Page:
Supervisory Parameter Adjustment for Distribution Energy Storage (SPADES)
Energy Storage Systems (ESS), such as electric batteries, are increasingly becomming critical components of the electric power system. As these devices begin to provide grid services, it is critical to ensure that they are resistant to cyber attacks and cannot be exploited as a mechanism to disrupt the operation of the power grid. Tools from nonlinear and optimal control theory can be utilized to develop control policies to re-dispatch setpoints in both the ESS and the surrounding electric grid infrastructure to mitigate the effect of cyber attacks.
Characterize the interaction ESS control systems and Distributed Energy Resource (DER) smart inverter functions on electric grid voltage stability.
Develop a supervisory control system (reinforcement learning-based) that will identify and autonomously update control parameters of the power electronic control systems within ESS devices.
Validate control approaches via Hardware-In-the-Loop (HIL) testing at the LBNL FLEXGRID facility.
Integrate the defensive reinforcement learning-based agent into the NRECA Open Modeling Framework (OMF) simulation tool.
The Supervisory Parameter Adjustment for Distribution Energy Storage (SPADES) project will develop the methodology and tools allowing Energy Storage Systems (ESS) to automatically reconfigure themselves to counteract cyberattacks against both the ESS control system directly and indirectly through the electric distribution grid. This research will begin with an effort to analyze the stability of both ESS control systems and the interaction of the ESS control system and the electric grid, to determine what parameters an attacker would change if a given device (or multiple devices) were to be compromised. Then, the research team will develop a supervisory control framework that utilizes adaptive control and reinforcement learning techniques to adjust ESS control system parameters and ESS active and reactive power injections to actively defend against a variety of cyberattacks. The supervisory control framework will be validated in Hardware-in-the-Loop (HIL) experiments where an independent red team will attempt to alter control parameters of an ESS to prevent the device from providing grid services. The reinforcement learning defensive algorithms will be integrated into the National Rural Electric Cooperative Association (NRECA) Open Modeling Framework (OMF), thereby allowing defensive strategies to be tailored on a utility specific basis. The major outcomes of this project will be the tools to isolate the component of the ESS control system that has been compromised during a cyberattack as well as policies for changing the control parameters of ESS to mitigate a wide variety of cyberattacks on both the ESS device itself and the electric distribution grid.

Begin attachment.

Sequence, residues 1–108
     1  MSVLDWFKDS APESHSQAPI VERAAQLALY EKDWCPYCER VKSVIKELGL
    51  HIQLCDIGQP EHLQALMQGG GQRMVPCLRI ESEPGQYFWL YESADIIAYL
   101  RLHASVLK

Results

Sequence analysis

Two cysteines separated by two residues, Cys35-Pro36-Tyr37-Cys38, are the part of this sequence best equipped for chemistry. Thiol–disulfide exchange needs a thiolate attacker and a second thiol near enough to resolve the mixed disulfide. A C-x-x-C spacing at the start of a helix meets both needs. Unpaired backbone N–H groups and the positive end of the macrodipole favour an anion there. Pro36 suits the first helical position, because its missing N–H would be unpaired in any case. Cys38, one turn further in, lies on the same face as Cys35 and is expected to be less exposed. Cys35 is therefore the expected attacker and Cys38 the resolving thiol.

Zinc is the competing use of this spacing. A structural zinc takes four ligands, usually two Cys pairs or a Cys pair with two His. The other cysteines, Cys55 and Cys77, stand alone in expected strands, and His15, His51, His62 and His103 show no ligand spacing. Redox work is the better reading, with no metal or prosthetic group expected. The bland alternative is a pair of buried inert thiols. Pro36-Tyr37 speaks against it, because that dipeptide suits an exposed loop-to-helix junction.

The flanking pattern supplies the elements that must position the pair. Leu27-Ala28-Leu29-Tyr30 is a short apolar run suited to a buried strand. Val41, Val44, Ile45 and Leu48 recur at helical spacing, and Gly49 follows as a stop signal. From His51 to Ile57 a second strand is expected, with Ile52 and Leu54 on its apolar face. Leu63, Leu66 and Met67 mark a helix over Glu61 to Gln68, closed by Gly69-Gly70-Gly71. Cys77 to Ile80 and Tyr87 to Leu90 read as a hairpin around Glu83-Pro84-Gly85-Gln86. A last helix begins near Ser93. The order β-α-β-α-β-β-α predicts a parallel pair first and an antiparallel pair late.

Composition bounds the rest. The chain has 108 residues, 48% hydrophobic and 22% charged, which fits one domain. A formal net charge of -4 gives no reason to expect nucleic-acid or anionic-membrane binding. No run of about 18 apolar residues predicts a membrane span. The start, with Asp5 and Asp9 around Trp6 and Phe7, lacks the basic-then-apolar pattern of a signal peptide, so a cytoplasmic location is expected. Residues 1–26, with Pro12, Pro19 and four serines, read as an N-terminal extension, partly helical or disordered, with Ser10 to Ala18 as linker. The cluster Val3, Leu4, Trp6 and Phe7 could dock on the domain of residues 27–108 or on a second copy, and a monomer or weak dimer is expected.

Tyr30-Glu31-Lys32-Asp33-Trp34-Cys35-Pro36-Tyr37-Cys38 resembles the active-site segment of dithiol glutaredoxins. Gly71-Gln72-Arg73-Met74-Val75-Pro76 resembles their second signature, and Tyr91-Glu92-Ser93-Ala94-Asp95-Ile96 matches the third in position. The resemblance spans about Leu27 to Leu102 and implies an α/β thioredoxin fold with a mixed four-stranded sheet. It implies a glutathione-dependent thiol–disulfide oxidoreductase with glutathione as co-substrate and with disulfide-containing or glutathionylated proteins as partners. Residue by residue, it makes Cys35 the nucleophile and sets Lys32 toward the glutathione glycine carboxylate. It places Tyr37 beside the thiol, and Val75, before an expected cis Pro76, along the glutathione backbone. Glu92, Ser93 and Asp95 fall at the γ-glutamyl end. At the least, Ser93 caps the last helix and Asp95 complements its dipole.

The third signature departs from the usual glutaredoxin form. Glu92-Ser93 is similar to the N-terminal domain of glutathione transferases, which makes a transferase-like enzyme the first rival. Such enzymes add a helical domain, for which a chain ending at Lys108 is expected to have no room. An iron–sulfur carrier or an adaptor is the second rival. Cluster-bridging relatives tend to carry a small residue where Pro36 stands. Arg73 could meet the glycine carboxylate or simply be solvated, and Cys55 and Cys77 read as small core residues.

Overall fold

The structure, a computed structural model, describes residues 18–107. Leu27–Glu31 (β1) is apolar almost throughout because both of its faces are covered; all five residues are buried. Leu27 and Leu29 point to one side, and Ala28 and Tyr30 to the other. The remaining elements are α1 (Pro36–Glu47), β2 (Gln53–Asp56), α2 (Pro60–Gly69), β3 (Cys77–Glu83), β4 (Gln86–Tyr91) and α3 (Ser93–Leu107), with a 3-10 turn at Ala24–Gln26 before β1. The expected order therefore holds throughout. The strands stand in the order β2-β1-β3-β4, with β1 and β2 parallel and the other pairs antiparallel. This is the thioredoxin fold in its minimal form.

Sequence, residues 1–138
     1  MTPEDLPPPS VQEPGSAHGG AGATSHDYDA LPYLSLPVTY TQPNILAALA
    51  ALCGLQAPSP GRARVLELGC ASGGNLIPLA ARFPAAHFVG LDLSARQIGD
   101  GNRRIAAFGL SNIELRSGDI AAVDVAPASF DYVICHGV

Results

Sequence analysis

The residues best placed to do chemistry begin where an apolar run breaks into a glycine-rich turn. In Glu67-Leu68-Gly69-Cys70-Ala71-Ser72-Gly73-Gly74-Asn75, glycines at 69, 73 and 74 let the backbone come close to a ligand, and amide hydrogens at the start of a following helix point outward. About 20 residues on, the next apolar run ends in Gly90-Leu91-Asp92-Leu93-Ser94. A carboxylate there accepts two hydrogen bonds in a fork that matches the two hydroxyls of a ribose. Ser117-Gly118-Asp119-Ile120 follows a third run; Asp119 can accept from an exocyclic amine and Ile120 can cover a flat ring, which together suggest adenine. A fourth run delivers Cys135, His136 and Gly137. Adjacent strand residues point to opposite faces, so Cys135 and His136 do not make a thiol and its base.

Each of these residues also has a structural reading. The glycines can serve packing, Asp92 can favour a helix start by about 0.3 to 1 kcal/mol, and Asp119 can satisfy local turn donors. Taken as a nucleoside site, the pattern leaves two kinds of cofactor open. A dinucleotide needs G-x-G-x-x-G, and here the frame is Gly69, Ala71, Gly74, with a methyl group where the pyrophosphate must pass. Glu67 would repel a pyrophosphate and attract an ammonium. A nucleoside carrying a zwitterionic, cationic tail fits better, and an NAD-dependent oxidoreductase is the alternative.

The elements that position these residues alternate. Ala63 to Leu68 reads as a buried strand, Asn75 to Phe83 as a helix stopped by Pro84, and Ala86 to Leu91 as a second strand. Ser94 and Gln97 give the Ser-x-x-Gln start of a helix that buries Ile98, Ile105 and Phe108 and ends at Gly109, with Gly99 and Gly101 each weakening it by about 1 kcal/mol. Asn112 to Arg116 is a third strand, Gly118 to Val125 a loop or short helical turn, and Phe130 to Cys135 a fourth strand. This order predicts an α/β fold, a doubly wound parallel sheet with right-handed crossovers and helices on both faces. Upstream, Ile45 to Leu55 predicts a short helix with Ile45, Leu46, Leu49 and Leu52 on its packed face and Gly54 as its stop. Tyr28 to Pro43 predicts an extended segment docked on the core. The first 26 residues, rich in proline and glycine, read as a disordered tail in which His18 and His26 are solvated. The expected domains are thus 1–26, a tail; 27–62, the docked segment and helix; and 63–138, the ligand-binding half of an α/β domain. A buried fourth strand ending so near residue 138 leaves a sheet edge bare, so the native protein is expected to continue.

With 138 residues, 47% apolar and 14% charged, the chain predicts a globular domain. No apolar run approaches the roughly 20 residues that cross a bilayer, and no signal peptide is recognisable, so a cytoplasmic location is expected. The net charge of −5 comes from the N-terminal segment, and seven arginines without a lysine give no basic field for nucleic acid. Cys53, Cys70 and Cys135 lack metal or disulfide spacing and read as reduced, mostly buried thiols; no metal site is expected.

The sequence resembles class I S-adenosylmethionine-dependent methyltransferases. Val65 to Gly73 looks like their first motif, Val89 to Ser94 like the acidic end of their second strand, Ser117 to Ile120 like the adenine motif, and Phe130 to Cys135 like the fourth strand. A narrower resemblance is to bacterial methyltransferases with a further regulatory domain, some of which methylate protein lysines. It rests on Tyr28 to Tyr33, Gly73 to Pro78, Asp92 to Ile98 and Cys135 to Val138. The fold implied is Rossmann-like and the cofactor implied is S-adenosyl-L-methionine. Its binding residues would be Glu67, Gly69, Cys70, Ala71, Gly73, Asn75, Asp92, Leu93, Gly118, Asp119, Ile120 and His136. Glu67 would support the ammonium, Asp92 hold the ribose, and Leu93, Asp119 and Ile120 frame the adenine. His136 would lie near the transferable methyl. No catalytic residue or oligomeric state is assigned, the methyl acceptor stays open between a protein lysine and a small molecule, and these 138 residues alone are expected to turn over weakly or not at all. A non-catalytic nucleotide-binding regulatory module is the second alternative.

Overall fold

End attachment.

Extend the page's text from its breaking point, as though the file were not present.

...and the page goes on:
This project is supported by the U.S. Department of Energy’s Cybersecurity for Energy Delivery Systems (CEDS) program.
Daniel Arnold (PI; LBNL)
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